@Joe: The point you seem to miss is that some things may in fact be unknowable. Acknowledging a possibility is hardly a belief.
Many Deists were basically agnostic: “If a supreme being set things into motion, without current evidence of its existence, why bother arguing it?”
I’m not sure what you mean by “radical skepticism”, but your criticism [“simple bullshitting, not an intellectual position”] is more aptly applied to Theology (as if either were a single view)… Yeesh.
Hooray for agnostic Christians.
Agnostics, there is no defence
For living life straddling the fence
You know there’s no god
Which is why it’s so odd
That you really don’t mind looking dense.
So get off the fence, you daft folk
If you say “There’s no god” you won’t choke
Just try it, you’ll see
That you soon will be free
Of the pain in the arse, that’s no joke.
It’s silly to wait, I am thinking
Your rational mind keeps on shrinking
Let your brain get a grip
Wave goodbye to the ship
Of religion, ‘cos that boat is sinking.
Like many others, I divide my thoughts between what may be possible, but unlikely, and what has been proven. There is no proof for any sort of deity that I can see, so I am an atheist as far as that goes. However, since there is no evidence that categorically suggests that there could not possibly be such a being/beings, I have to accept the possibility that I could be wrong; to do otherwise is to fall prey to the same dogmatic thinking as a deist. However, this is not the same as having a religion, which is what AoS seems to be suggesting in his doggerel.
Of course, if the existence of a deity was ever scientifically proven, the deists would claim that it is not *their* deity, because he/she/it is ineffable, and therefore not amenable to proof.
If you’re in favor of “taking a position of non-belief pending credible evidence otherwise”, I suggest you find a comfortable seat, it might be a while.
@Peakcrew: Might that be (roughly) the difference between American and European theists? If some scientific evidence comes up (always on the disproving side), European theists tend to either try to incorporate it, regress to the quickly disappearing still un-explained areas, or turn from literal to metaphorical belief, while Americans dig, push forward their jaw, and say: Eppur si non muove!
And if someone would manage to prove some form of actual, supernatural deity, the Europeans would be relieved and flock towards it, while American theists would leaf through their scripture, and mutter: Nope, not what it says here. That evidence is not convincing.
@FF – that’s an interesting thesis, and one that needs a little more consideration. I’m not entirely convinced that there is quite such a difference between theists on the two sides of the Atlantic, but there is certainly a difference in degree of resistance to new ideas. However, I wasn’t really confining myself to Western theists – I was including the others as well.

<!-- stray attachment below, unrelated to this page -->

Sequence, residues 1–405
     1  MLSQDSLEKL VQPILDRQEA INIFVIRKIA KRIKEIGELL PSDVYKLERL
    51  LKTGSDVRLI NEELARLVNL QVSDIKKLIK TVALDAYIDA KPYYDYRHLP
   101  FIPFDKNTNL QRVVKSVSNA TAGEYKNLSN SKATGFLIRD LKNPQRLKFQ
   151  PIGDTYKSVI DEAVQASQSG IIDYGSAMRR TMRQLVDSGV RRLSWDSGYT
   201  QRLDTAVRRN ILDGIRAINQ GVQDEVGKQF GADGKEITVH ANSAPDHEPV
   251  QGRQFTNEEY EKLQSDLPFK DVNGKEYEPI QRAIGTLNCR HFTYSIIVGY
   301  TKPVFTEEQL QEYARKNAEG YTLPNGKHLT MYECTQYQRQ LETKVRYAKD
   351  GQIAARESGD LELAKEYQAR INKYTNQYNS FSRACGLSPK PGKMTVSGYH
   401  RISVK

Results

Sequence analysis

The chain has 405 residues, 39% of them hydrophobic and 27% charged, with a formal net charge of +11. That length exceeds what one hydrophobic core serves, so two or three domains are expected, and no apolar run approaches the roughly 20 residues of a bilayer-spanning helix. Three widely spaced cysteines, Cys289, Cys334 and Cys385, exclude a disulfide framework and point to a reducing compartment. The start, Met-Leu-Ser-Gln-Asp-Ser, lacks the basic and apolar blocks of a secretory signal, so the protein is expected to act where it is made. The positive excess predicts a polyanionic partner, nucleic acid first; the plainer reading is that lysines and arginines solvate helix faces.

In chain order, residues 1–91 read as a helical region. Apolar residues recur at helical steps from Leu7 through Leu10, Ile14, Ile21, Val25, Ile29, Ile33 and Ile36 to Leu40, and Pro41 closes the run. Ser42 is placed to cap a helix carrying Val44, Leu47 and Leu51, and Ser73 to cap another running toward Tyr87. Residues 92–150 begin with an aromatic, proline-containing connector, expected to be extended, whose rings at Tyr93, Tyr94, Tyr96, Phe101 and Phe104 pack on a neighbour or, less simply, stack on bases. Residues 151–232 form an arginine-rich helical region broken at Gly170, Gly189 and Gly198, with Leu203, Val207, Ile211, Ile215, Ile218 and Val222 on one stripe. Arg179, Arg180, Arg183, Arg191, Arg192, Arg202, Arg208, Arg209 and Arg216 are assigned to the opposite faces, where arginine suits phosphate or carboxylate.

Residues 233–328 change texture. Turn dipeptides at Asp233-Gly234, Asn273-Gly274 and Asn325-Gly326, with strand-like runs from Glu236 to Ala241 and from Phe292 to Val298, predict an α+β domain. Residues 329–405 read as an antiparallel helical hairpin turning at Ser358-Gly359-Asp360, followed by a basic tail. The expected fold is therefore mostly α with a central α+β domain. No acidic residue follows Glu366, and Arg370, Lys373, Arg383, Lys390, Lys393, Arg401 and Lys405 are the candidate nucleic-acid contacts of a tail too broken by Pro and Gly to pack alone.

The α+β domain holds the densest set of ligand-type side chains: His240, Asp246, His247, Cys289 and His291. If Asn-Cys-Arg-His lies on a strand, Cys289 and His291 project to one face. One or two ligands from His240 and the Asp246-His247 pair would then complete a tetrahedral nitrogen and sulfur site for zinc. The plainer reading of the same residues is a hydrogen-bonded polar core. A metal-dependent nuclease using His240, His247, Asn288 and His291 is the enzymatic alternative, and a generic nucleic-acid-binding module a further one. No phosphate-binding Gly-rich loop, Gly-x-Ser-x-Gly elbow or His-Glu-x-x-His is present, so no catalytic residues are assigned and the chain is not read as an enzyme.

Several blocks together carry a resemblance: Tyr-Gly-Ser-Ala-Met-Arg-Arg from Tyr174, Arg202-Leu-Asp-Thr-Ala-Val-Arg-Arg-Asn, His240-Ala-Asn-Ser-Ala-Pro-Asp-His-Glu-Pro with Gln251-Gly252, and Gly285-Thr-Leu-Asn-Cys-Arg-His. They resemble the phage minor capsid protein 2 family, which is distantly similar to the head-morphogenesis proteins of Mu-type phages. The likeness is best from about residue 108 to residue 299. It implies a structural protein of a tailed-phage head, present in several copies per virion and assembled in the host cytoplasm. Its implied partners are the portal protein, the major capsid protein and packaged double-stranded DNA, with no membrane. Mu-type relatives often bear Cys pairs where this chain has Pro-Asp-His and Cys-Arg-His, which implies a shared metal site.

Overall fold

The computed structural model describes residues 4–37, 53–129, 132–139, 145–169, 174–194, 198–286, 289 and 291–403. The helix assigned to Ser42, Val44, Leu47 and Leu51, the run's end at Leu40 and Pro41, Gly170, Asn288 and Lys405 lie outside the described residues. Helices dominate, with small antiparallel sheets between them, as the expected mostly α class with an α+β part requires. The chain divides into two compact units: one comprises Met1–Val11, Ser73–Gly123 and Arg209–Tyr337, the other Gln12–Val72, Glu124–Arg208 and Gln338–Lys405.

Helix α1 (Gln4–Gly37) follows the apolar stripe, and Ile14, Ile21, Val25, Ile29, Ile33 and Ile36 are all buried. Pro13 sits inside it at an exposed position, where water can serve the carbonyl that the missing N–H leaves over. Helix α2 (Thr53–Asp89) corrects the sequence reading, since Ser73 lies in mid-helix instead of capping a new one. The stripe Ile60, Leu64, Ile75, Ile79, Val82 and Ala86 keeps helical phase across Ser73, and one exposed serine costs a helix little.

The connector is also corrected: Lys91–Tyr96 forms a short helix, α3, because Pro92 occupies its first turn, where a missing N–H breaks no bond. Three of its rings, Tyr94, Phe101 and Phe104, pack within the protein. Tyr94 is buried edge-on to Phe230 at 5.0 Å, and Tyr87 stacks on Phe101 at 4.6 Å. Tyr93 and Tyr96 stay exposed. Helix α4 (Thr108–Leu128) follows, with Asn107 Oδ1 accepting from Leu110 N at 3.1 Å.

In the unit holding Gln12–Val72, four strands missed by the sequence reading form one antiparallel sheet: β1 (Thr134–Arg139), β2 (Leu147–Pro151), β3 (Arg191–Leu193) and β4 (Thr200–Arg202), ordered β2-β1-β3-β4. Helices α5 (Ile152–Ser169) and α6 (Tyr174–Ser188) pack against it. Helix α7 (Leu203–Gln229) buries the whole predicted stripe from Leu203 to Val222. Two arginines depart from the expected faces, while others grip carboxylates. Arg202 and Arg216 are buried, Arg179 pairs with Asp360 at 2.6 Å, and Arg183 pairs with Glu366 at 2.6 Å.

In my experience, many agnostics are in fact atheists who have to share their lives with friends/family/community who are blinkered religious idiots. “Agnostic” is a somewhat reassuring word to such people, because it keeps alive the possibility of the lost sheep returning to the fold, whereas “atheist” is a total spurning of everything the idiots hold dear.
This is not to diss true agnostics, who’s reasoning processes I thoroughly respect. I would much rather have a world of agnostics than the millions of bug-eyed maniacs we have at the moment.
I have been challenging my self-defined agnostic friends what they mean by “agnostic” and whether they believe in a god or not. They seem to think that agnosticism is a form of weak atheism or keeping one’s options open. I find it a useless label, since they also admit they do not believe in any gods. They seem coy about it though, and try to kick over their traces by dismissing the topic as boring and unimportant, or that since they can’t know whether gods exist due to lacking omniscience the whole exercise in evaluating existing claims or evidence is irrelevant. Grr!
Agnosticism is about a specific object – God. A God-agnostic isn’t necessarily a tooth-fairy-agnostic.
Now, discard the fiction that God is a cultural universal. There exist cultures without God. God is a concept intelligible to Jesus, Muhammad, Moses and their followers, but is not necessarily intelligible in other cultures. That may be hard to see because in the 21st century, everyone has encountered followers of the above three. If you accept that, then atheism-agnosticism-theism is not universal, and one can be none-of-the-above.
I don’t believe in god — and I don’t disbelieved in god. The question is moot. That is why I am agnostic.